A growing collection of in-depth interviews with people of all ages and backgrounds, whose stories about the legacy and changing nature of Yiddish language and culture offer a rich and complex chronicle of Jewish identity.
Gabriela von Seltmann's Oral History
Gabriela von Seltmann, Polish artist who explores issues of identity and memory, was interviewed by Agnieszka Ilwicka on December 10, 2015 in Warsaw, Poland. Gabriela and her husband, Uwe von Seltmann, co-authored a book on her family's history in the Holocaust.
This interview was conducted in English.
Video highlights from this oral history
Meeting Husband Uwe and Beginning to Uncover Her Past4 minutes 25 seconds
The First Hints of My Family's Jewish Background5 minutes 25 seconds
Growing Up in Communist Poland in the 1970s and 1980s3 minutes 10 seconds
Communist Education in Poland and Beginning to Ask Questions About Jewish Roots4 minutes 33 seconds
Elementary Knowledge of Yiddish from Grandmother’s “German” Vocabulary1 minute 22 seconds
The Healing Power of Welcoming Jews Into Their Families' Former Homes3 minutes 10 seconds
Positive Effects of Jewish Culture Festival in Krakow on Jewish-Polish Relations1 minute 56 seconds
Visiting Auschwitz and Using It As a Lesson for the Future3 minutes 13 seconds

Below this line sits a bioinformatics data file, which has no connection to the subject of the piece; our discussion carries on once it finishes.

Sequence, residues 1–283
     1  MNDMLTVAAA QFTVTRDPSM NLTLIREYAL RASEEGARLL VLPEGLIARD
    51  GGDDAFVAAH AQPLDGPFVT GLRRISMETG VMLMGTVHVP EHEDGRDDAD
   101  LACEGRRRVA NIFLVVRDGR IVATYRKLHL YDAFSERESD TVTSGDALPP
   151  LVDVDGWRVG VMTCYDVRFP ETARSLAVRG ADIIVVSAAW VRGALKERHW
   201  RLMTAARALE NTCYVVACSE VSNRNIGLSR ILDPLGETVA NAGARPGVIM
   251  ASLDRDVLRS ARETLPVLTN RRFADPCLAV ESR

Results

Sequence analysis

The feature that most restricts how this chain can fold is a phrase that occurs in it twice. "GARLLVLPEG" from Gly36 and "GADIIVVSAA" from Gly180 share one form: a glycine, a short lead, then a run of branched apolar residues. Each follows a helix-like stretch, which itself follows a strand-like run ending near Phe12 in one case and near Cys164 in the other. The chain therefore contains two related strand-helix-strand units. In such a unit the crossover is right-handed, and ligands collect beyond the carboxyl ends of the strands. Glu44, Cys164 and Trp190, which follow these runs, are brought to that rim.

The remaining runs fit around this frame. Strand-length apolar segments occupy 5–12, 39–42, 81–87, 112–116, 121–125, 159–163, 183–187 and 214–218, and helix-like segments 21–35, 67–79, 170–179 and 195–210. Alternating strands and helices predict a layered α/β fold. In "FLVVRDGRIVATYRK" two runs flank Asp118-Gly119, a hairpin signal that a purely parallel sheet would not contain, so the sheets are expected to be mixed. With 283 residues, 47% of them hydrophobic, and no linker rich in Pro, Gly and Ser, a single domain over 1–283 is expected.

The Future of Yiddish in Poland2 minutes 41 seconds
Advice to Younger Generations and Yiddish as the Language of Love1 minute 38 seconds
More information about this oral history
- Eastern Europe
- Old Country
- Cultural transmission
- Western Europe
- World War II
- Immigration and migration
- Family histories
- Jewish Identity
- Visual Arts
- Polish Noblesse
- SS officer
- Jewish Culture Festival in Krakow
For other download options:
About the Wexler Oral History Project
Since 2010, the Yiddish Book Center’s Wexler Oral History Project has recorded more than 500 in-depth video interviews that provide a deeper understanding of the Jewish experience and the legacy and changing nature of Yiddish language and culture.
Tell Us Your Story
Do you (or someone you know) have stories to share about the importance of Yiddish language and culture in your life?